Objectivity is that quality that allows a doctor to visualize the possibilities, imagine outcomes, and guide a patient into selecting what works for them. It's what makes me able to tell a patient bad news without pulling any punches.  It's what makes it possible to come home and be with my family and leave the rest behind, usually.   I possess NONE of this where Babygirl is concerned.  None.  And while I know that calling in an expected script for a mild throat infection is benign enough, I fear that if I cross that line I won't be able to cross back.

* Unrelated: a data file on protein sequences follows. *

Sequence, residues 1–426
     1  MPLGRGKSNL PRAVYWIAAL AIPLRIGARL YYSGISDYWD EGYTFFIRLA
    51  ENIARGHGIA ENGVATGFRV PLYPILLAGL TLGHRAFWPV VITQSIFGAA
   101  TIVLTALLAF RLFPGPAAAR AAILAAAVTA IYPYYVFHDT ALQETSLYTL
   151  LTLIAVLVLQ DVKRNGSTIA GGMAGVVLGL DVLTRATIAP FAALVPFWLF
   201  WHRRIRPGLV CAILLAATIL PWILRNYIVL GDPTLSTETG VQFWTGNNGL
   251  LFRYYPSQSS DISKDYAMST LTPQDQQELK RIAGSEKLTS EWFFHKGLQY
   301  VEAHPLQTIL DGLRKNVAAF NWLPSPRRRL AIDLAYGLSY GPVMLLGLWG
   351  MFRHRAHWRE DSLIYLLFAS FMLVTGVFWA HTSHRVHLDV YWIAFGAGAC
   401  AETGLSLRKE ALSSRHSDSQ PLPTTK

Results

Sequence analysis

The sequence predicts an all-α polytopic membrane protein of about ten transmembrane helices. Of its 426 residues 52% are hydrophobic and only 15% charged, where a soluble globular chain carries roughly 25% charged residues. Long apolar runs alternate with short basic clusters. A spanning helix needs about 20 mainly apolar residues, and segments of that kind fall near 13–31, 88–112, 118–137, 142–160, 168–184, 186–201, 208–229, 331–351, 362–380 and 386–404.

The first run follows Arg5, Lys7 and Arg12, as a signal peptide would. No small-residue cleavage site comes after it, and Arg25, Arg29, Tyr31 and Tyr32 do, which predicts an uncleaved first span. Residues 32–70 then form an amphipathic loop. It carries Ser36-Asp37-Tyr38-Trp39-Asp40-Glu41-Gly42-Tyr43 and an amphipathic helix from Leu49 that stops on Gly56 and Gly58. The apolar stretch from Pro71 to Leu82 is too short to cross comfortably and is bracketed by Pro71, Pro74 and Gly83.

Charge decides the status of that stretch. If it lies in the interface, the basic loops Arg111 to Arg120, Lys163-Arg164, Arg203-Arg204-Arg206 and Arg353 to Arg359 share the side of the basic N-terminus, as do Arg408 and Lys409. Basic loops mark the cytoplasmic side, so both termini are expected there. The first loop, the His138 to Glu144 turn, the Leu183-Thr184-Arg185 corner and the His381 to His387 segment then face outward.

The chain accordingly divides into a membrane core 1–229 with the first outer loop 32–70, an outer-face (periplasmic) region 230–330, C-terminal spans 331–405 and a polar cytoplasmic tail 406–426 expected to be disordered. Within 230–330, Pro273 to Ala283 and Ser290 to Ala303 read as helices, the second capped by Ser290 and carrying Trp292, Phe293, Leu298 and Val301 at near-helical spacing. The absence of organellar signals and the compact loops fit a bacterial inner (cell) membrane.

There is a medical maxim that goes, "He who treats himself has a fool for a doctor."  And a fool for a patient, I might add.  I prefer to keep the faith.  Faith that my colleagues are, at the least, not fools.  To do otherwise has unthinkable implications for my baby.